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Review: Earwig and the Witch

The reputation of Studio Ghibli as a company is high and is favourably compared to Disney, but with such expectations behind each new release, it was inevitable that the studio would fall. Unfortunately, it is in their first outing into CG animation that the studio has lost its footing, while not a terrible film it will feel that way by comparison to its peers.

In many ways Earwig and the Witch plays it safe, returning to the tested formula of a story of a little girl who finds herself in a magical setting in the English countryside and is based on the novel of the same name by Dianna Wynn who wrote the previous hit adaptation Howl’s Moving Castle. The story follows Earwig, a girl who was left at an orphanage and is adopted by a witch to be her assistant. Earwig differs from most protagonists by being cunning and manipulative to all the adults around her and quickly strikes a deal to work if she can learn some magic in return. Her adoptive parents are the witch Bella Yaga and the demon Mandrake. Over time Earwig uncovers clues about her adopters and her past life when she’s given a cassette tape that she had when she was left at the orphanage.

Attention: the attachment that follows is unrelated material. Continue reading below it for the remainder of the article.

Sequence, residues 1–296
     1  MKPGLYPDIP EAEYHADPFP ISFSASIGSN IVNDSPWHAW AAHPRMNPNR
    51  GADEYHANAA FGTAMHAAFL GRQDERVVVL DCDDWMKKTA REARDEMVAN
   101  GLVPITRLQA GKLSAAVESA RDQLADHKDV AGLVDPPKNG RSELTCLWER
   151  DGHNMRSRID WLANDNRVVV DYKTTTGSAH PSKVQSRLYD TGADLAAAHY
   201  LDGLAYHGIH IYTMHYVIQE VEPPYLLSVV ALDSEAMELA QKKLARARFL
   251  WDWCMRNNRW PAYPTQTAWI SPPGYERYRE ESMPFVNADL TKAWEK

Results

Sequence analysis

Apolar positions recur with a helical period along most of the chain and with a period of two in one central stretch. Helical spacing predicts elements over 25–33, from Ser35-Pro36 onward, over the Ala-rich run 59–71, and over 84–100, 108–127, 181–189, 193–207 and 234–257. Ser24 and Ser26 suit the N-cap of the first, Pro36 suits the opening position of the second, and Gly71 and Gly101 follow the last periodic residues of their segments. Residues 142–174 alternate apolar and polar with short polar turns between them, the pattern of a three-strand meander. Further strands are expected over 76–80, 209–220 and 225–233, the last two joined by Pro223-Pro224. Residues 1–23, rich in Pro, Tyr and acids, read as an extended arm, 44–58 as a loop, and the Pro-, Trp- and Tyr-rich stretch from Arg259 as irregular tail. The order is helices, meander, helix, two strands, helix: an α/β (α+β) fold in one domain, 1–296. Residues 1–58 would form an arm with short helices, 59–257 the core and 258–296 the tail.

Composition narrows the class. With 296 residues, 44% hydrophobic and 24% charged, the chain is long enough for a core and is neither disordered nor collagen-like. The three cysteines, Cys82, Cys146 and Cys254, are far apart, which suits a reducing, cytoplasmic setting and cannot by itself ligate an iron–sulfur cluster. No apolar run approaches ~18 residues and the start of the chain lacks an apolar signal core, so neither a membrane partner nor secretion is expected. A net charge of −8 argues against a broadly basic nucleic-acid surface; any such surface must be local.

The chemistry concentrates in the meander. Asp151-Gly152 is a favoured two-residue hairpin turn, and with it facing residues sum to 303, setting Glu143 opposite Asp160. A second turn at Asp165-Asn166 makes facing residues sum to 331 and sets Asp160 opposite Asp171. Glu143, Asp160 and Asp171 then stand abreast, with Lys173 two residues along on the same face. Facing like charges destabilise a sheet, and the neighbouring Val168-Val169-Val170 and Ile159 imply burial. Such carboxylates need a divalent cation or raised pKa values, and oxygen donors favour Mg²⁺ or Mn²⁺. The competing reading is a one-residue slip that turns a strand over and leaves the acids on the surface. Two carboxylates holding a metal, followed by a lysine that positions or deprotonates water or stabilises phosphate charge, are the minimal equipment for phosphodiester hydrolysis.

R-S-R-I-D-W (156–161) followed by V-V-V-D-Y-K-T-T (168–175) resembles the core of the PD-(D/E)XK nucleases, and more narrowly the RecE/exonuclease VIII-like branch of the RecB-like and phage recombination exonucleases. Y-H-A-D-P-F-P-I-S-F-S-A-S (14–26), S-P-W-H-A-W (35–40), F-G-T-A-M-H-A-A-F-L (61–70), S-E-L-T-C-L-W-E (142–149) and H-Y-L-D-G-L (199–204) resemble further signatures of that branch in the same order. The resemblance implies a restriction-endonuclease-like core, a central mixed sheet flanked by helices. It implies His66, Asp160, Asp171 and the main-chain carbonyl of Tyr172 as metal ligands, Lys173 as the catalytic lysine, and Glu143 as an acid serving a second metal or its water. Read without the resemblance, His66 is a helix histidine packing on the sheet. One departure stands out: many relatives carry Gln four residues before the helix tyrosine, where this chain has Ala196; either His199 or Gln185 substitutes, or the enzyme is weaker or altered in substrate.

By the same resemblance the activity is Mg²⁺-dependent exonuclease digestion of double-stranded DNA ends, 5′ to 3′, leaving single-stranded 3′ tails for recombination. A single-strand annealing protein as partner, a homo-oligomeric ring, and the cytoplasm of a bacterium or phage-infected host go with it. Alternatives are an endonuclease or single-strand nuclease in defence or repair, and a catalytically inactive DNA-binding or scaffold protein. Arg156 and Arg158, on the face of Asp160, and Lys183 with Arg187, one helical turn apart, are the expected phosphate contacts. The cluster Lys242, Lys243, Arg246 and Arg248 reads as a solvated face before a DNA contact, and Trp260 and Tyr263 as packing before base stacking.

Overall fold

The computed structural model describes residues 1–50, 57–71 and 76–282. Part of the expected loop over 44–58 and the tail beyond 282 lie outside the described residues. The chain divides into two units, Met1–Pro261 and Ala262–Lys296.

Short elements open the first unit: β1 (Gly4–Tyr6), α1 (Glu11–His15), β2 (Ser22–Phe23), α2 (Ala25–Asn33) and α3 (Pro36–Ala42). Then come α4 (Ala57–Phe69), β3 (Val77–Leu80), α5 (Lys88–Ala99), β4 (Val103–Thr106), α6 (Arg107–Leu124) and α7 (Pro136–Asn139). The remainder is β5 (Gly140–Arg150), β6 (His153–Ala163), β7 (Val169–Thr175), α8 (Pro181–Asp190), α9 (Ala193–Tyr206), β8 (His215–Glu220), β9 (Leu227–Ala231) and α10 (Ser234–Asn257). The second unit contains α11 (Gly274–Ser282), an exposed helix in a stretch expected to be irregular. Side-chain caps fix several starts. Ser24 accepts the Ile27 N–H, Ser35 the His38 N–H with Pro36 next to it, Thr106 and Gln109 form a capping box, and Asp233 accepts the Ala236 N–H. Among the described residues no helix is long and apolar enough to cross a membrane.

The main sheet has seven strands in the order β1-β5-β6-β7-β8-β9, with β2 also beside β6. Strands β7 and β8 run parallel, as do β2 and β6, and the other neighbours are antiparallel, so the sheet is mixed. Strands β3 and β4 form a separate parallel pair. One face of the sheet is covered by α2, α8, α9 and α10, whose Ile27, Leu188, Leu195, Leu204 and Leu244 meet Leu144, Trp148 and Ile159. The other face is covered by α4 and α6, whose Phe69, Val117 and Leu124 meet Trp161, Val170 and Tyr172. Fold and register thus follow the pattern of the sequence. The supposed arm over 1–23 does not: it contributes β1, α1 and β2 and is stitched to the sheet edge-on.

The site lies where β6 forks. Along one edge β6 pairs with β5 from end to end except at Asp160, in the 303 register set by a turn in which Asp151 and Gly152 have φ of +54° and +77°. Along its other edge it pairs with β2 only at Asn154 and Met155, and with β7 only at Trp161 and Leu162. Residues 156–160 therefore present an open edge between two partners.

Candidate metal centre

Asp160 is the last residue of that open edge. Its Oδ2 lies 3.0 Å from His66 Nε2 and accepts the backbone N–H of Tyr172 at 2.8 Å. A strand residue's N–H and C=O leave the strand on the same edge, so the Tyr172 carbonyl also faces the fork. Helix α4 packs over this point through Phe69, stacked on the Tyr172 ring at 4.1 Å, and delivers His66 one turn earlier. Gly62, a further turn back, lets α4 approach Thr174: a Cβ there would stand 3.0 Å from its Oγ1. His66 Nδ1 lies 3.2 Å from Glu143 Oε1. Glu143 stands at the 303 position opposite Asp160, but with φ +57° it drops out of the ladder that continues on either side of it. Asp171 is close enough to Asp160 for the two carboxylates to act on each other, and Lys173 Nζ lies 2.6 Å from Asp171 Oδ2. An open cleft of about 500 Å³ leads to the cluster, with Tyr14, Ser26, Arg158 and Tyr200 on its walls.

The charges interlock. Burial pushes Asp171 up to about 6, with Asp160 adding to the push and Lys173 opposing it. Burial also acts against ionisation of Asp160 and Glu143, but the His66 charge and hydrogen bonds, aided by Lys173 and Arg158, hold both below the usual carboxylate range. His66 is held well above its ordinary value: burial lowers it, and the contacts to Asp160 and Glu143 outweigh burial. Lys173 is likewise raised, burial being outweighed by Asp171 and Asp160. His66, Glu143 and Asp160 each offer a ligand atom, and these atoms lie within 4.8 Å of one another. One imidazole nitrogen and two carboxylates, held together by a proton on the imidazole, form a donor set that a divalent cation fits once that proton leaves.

The mystery and adventure unfold over a fairly short runtime of 1 hour 20 minutes and yet there are some serious pacing issues with the film that made it feel longer than it really was. The film never builds any momentum or maintains it when it does. Directed by Gorō Miyazaki, son of acclaimed director Hayao Miyazaki, there is a lack of polish and direction to make the film pop visually. The move to CG is not a death knell to animation (see Pixar and the latest Disney films); there are some brilliant sequences that feel like classic Ghibli given three dimensions, particularly when the film gets moving rather than the interior scenes which feel drab and monotone.

The English dub cast is well-chosen (even if the voice rarely matches the mouth movements) including Richard E. Grant as Mandrake, Kacey Musgraves and Dan Stevens, and Taylor Paige Henderson as Earwig. Kacey Musgraves has a small role as Earwig’s mother at the start of the film but through the cassette tape she leaves Earwig, her singing resonates with the beautiful soundtrack which gives this film so much of its energy.

Earwig and the Witch was delayed due to Covid-19 and was released in Japan on TV in December and I can’t help but feel that this film is more suited to the small-screen on a Christmas holiday. The plot and music make it great for little children but adults will feel somewhat disappointed by the effort of Studio Ghibli, which could usually make a film that appeals to all ages.

Earwig and the Witch is out now in cinemas.

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